Even with five minutes to go in a game that Ireland had dominated, Anthony Watson was convinced that England would find a way to eke out a win in Dublin as they had in their previous 18 matches.
All they needed was one mistake, one misplaced kick to pounce. This is where they had been against Wales when Elliot Daly struck. But there would prove to be no further opportunities after Peter O’Mahony snaffled Jamie George’s throw to the front of the line-out. Final score: Ireland 13 England 9.
For the first time since losing to Australia on October 3, 2015, Watson had to adjust to the novel sensation of an international defeat. The surreal element was heightened by the awarding of the Six Nations trophy; the outward displays of celebration jarring with the knowledge that the historic prospect of back-to-back Grand Slams and a 19th consecutive victory had passed England by.
“It was a strange sensation,” Watson said. “After the game, trying to celebrate, having lost the game, is bittersweet. Straight after the final whistle, you have to do your best to realise that we have won two Six Nations back to back.
“I think, from a team perspective, we wanted to finish with the Grand Slam and make history which would have been great. I still thought in the 75th minute that we were going to win the game. It is that collective belief that we have developed within the squad from the hard work we put on the training pitch and what we do off the training pitch. We know that we can rely upon each other and that everyone will put in everything they can to get the win. I felt in those last 10 minutes we were going to grow stronger and push them to the edge but we didn’t have the opportunities to do that.”
Watson’s frustration was compounded by his lack of individual involvement. According to the post-match statistics, Watson touched the ball just once, although that does not count another occasion in which he knocked on.
“From a personal point of view I was not best pleased,” Watson said. “Defensively I was happy with how I played but not going forward as a back three player priding myself on trying to make things happen in attack. I only touched the ball once or twice, which was not ideal, but in those situations you need to try to influence the game in any way possible. Looking back at it, I would l have liked to have got off my wing more. I just have to learn from it. The rest of the boys will do that as well. It was a great collective lesson.”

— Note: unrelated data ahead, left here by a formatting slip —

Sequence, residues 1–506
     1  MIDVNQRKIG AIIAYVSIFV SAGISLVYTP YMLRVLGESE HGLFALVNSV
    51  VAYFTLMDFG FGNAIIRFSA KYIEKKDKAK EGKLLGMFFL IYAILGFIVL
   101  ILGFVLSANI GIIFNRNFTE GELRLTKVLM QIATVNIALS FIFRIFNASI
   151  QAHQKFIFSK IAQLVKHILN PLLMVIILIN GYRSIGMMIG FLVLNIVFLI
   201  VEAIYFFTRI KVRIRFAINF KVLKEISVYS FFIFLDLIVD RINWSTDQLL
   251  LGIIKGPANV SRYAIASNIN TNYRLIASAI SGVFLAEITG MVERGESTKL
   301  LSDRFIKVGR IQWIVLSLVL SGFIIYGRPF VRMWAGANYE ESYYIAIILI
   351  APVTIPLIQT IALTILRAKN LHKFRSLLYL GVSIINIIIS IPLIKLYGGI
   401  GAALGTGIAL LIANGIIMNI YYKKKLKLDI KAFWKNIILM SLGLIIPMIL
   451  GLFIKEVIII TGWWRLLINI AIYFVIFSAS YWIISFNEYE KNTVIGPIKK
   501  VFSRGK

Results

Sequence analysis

Alongside Jonathan Joseph and George Ford, Watson, at full-back, is straight back in the saddle for Sunday’s trip to Saracens where they will face last week’s team-mates Owen Farrell, Maro Itoje and Billy Vunipola. It was the combination of Ford, Farrell and Joseph that created Watson’s only try of the tournament, a masterpiece of precision and pace against Scotland.
The 23 year-old is about to break down its execution when Joseph walks into the room. Shooting a glance to his long-term sparring partner, Watson says: “I ran a support line and thankfully he passed to me once which was very nice of him.”
In two weeks, Watson returns to Twickenham for “The Clash” which pits Bath against historic rivals Leicester. Part of the proceeds from the match will go towards the Help For Heroes which provides support to veterans who have sustained injuries and illnesses in service.
In 2011, Watson made his first appearance at Twickenham as a 17 year-old in a special Help for Heroes match and the charity has since forged strong links with Bath. Injured players frequently rehab at the nearby Tedworth House, a Help for Heroes recovery centre, while the presence of Semesa Rokoduguni, a serving solider, in the squad is a pertinent reminder of the glibness of applying military analogies in rugby.
“Putting your body on the line is very different to putting your life on the line,” Watson said. “That’s why I have so much respect for guys like Roko to be so humble and so easy to get on with. That’s a real testament to his character and I guess to the army as well for how he has developed and come through that system. You forget he is a serving solider until he starts talking about driving a tank. It is mad when you see pictures of him in full army gear.”
See Bath Rugby face their fiercest rivals Leicester Tigers in The Clash at Twickenham on Saturday 8th April. For tickets and further information visit www.bathrugby.com/ theclash